Sightly vs Handlebars vs JSP: Comparing Scripting Languages

Published on by Dan KlcoPicture of Me Dan Klco

The latest release of Adobe Experience Manager, version 6.0, introduces two new languages for front end scripting in CQ.   The two languages are both attempting to address the problems found in the existing foundation and Geometrixx reference code, namely the lack of separation of concerns between business and presentation logic and the sloppy use of scriplet.  

The two new templating languages are:


Sightly has come from Adobe user groups and seems to be trumpeted by the Adobe Professional Services team.  There is official documentation for Sightly and Adobe has produced a number of blog posts and webinars about it:

Essentially, Sightly extends HTML5 adding a number of data attributes for server side processing.  These attributes support basic logic and writing content to the page.


Handlebars is based mostly from the Adobe Social Communities project.  Essentially, the Social Communities ported the Handlebars JS Library to Java and added some hooks into AEM.  Unfortunately, as of yet, there is no documentation available or any major posts about it, but there is a published API.

What do they look like?

We'll lets go ahead and take a simple task in JSP and see what it looks like in each scripting language.  


This code block below would be found in a JSP script called mycomponent.jsp in a component at the path /apps/myapp/components/mycomponent.  This component outputs the title property, then if the layout is set to left it will include the component at the subpath left and otherwise the component at the subpath right.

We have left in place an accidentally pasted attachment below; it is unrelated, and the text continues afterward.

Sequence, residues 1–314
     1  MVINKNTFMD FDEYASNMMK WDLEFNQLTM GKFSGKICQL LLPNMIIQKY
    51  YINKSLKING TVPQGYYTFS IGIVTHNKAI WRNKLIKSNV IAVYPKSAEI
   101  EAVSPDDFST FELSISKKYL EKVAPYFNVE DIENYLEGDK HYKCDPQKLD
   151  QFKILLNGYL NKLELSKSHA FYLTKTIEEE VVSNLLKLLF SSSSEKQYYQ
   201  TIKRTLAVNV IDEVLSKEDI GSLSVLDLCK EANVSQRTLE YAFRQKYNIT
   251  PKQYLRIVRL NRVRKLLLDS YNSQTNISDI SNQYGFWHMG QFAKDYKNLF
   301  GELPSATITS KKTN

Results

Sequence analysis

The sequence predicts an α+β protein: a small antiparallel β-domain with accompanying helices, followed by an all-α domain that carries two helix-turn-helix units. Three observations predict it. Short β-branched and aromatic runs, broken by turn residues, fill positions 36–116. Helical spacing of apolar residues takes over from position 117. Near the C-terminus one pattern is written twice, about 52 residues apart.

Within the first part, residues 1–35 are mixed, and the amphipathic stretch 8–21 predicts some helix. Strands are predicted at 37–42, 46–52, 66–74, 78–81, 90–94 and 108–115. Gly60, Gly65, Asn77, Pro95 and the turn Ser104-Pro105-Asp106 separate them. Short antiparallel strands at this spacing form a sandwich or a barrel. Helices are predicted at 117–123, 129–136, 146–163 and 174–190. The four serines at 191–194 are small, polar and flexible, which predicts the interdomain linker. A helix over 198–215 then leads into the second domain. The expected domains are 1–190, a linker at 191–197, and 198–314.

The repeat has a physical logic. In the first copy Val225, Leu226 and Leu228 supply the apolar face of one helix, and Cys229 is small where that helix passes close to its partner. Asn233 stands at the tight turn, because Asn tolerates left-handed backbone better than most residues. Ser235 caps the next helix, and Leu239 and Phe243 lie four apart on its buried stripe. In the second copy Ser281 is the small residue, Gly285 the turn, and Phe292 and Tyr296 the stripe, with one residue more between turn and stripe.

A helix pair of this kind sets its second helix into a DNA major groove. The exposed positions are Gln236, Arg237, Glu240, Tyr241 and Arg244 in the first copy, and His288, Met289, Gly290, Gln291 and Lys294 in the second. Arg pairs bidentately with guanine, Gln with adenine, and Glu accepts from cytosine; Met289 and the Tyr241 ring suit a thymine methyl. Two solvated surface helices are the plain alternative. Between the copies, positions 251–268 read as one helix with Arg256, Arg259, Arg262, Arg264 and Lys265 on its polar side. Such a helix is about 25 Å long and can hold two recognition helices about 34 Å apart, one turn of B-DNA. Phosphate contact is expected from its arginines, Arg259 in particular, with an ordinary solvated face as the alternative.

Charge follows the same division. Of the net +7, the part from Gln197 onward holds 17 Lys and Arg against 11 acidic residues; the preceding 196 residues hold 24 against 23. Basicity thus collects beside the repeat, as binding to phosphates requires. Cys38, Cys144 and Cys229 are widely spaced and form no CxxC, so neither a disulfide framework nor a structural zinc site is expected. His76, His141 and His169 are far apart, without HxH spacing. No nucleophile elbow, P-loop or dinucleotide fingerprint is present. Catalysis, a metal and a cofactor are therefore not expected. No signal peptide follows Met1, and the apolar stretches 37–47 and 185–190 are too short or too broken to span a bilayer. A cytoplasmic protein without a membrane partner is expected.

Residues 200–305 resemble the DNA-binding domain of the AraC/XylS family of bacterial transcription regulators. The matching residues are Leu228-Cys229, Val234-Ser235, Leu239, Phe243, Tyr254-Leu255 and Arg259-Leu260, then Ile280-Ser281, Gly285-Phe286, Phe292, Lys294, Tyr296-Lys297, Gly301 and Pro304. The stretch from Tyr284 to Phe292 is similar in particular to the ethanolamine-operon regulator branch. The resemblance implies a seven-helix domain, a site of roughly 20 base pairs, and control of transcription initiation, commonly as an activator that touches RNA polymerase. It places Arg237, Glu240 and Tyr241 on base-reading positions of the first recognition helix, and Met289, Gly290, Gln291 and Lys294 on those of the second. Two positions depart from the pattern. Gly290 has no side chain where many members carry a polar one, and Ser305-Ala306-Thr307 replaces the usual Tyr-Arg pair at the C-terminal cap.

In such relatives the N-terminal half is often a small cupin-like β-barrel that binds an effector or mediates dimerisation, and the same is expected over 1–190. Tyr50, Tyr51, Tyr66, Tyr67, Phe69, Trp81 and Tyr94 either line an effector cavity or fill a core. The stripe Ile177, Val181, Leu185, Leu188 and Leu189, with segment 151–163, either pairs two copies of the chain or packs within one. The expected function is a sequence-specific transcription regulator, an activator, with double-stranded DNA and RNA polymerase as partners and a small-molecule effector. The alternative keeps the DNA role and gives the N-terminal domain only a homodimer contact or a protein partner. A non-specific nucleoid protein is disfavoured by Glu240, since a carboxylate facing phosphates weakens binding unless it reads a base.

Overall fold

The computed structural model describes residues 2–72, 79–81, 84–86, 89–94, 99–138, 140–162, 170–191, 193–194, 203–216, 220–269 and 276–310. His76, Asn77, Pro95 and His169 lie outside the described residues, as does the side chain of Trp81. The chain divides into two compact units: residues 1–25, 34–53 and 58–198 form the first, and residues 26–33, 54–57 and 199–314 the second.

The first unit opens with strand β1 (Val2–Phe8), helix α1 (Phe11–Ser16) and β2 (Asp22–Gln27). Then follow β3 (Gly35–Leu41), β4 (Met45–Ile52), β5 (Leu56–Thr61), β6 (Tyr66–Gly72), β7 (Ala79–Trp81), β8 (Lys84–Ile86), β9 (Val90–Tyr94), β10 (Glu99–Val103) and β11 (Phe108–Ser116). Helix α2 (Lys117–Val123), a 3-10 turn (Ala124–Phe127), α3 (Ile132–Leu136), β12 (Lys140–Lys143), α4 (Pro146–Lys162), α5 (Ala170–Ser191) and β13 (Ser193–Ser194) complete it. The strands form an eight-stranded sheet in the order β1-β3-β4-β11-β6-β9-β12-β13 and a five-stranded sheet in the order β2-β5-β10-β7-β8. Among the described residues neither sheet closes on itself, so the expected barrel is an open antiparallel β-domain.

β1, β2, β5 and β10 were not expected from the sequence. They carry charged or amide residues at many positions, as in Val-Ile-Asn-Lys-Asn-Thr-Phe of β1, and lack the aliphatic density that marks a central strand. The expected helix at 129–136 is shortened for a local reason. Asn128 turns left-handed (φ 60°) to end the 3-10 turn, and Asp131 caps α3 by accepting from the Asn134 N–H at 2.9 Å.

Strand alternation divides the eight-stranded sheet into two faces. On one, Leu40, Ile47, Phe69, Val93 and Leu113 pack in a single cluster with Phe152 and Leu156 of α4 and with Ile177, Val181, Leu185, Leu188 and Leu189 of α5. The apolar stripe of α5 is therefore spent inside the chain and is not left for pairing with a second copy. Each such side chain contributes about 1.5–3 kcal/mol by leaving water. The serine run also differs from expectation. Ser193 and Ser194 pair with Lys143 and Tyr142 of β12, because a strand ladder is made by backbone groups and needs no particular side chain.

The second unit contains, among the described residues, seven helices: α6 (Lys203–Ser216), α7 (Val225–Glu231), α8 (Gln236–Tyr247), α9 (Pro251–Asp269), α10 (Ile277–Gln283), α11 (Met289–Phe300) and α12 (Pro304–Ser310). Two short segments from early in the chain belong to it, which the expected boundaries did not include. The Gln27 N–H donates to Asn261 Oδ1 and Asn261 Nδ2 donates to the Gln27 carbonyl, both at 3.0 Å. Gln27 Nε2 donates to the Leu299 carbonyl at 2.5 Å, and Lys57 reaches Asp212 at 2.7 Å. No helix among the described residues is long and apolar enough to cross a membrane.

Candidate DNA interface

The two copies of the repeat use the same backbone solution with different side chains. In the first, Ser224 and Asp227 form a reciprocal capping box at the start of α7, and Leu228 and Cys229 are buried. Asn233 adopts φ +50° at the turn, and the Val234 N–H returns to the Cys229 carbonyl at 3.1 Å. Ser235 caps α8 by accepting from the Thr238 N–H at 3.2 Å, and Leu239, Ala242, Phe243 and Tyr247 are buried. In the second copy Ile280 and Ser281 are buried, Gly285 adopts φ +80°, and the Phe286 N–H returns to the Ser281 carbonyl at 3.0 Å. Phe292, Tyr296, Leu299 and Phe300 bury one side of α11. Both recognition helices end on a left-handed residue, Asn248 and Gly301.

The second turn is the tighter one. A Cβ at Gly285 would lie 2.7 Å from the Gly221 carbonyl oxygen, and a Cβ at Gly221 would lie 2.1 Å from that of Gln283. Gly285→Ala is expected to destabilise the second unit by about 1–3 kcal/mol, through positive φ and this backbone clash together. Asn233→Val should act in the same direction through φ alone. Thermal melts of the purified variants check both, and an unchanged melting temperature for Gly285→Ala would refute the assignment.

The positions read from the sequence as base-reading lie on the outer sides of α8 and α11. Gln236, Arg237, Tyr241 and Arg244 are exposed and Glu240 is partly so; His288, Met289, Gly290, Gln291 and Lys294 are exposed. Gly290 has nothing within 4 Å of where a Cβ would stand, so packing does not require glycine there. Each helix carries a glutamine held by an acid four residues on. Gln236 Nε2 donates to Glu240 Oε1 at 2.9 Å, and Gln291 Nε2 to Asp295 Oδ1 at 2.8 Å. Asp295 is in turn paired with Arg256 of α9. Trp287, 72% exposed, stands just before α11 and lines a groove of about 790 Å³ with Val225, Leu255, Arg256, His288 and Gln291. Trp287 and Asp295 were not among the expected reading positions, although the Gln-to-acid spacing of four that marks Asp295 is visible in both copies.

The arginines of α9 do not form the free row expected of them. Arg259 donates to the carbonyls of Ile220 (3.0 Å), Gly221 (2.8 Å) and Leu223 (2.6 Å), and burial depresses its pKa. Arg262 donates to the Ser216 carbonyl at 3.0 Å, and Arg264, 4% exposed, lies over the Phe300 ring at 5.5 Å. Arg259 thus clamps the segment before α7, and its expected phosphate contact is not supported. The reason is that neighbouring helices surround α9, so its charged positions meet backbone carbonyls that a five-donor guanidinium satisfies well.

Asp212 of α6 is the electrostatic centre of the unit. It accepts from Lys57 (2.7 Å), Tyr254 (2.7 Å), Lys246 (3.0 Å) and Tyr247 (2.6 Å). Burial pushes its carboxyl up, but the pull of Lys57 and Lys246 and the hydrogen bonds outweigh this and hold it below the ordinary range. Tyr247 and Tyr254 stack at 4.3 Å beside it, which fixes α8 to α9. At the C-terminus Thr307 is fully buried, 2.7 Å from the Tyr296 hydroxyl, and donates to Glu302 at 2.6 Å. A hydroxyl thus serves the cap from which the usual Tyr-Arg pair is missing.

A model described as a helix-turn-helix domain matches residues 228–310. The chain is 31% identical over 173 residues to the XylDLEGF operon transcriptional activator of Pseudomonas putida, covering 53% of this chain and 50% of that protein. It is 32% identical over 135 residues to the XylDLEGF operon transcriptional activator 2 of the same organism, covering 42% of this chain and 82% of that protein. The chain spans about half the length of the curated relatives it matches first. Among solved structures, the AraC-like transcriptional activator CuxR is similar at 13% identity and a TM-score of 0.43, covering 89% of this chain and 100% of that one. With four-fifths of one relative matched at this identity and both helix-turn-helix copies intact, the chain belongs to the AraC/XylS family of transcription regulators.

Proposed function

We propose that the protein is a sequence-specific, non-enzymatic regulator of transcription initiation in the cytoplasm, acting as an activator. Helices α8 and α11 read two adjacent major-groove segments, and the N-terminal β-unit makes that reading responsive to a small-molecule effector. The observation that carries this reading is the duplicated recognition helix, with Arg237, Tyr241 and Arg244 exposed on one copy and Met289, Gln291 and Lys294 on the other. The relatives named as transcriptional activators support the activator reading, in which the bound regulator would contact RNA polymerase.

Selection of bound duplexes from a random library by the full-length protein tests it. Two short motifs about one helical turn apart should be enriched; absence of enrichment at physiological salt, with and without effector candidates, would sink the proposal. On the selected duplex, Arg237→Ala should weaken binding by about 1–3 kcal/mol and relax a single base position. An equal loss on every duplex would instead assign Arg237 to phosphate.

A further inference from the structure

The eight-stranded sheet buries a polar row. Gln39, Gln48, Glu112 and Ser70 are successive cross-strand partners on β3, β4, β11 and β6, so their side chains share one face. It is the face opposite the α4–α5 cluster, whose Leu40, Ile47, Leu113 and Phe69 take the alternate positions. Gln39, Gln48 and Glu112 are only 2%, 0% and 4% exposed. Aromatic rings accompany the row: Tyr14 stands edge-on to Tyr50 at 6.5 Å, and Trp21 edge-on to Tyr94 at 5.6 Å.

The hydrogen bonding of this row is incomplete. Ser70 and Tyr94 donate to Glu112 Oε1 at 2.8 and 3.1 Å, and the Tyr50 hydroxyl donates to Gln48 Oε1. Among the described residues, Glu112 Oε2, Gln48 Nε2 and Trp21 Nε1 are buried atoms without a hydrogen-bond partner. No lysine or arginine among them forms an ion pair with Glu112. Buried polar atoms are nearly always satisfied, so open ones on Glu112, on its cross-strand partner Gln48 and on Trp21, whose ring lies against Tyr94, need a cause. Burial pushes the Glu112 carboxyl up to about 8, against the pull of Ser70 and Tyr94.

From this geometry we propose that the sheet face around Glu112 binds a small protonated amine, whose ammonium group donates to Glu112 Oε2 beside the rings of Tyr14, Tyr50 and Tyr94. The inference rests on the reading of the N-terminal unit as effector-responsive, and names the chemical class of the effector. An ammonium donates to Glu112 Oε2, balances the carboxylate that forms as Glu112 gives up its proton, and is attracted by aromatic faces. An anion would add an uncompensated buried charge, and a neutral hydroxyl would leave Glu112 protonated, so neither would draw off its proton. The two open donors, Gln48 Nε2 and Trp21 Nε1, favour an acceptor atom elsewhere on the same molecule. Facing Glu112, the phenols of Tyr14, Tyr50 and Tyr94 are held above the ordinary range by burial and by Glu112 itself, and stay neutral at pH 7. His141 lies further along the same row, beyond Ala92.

<c:when test="${properties.layout = 'left'}">
<cq:include path="left" resourceType="myapp/components/mycomponent/layouts/left" />
<cq:include path="right" resourceType="myapp/components/mycomponent/layouts/right" />


In Sightly the code would exist in a file at the same path with the name mycomponent.html.  The code would look like:

<div data-sly-test="${properties.layout == 'left'}">
<div data-sly-resource="${'left' @ resourceType='myapp/components/mycomponent/layouts/left'}"></div>
<div data-sly-test="${properties.layout != 'left'}">
<div data-sly-resource="${'right' @ resourceType='myapp/components/mycomponent/layouts/right'}"></div>


In Handlebars the code would exist in a file at the same path with the name mycomponent.hbs.  Unlike the other templating languages, handlebars is billed as being 'logicless'; practically what this means is you can't do some typical things like comparisons in the if statement.  The code would look like:

<h2>{{ title }}</h2>
{{#if layoutLeft}}
{{include 'left' resourceType='myapp/components/mycomponent/layouts/left'}}
{{include 'right' resourceType='myapp/components/mycomponent/layouts/right'}}

Comparing Language Features

Each language has it's own advantages and disadvantages, below is a feature comparison for the different languages:

Based on Published Standards / Open Source?Y (*)NY
IDE Support?YNN
Officially Documented / Supported?YYN
Documented Extension Model?YNN
Includes XSS escaping?Y (**)YN
Allows Basic Logic?YYY (***)
Enables Bad Coding Practices?YNN

* - Some custom TagLibs used for interacting with CQ
** - Provided by additional tag libraries
*** - Yes-ish, but very limited

So what should I use?

In the end, each scripting language has it's strengths and weaknesses, but JSP is the clear winner.  Yes, you can develop (and Adobe/Day has developed) really bad code with scriptlet, but given the extensibility, universal support, longevity and number of pre-existing examples, JSP is heads above the other scripting languages.  Sightly is very young and likely immature, lacks a published standard and offers disadvantages when trying to figure out what is plain markup and what is logic code.  Handlbars starts with a well documented Open Source project, but the CQ-specific extensions are not documented and it does not seem to be supported by the entire Adobe team.


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